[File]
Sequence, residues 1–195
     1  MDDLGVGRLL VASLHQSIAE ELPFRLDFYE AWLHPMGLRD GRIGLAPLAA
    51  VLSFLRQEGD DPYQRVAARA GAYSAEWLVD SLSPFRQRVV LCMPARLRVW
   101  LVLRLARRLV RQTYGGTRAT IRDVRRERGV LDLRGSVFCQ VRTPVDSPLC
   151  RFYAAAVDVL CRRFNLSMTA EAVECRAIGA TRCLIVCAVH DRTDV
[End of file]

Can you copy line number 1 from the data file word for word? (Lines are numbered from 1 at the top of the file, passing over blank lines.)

Sequence, residues 1–195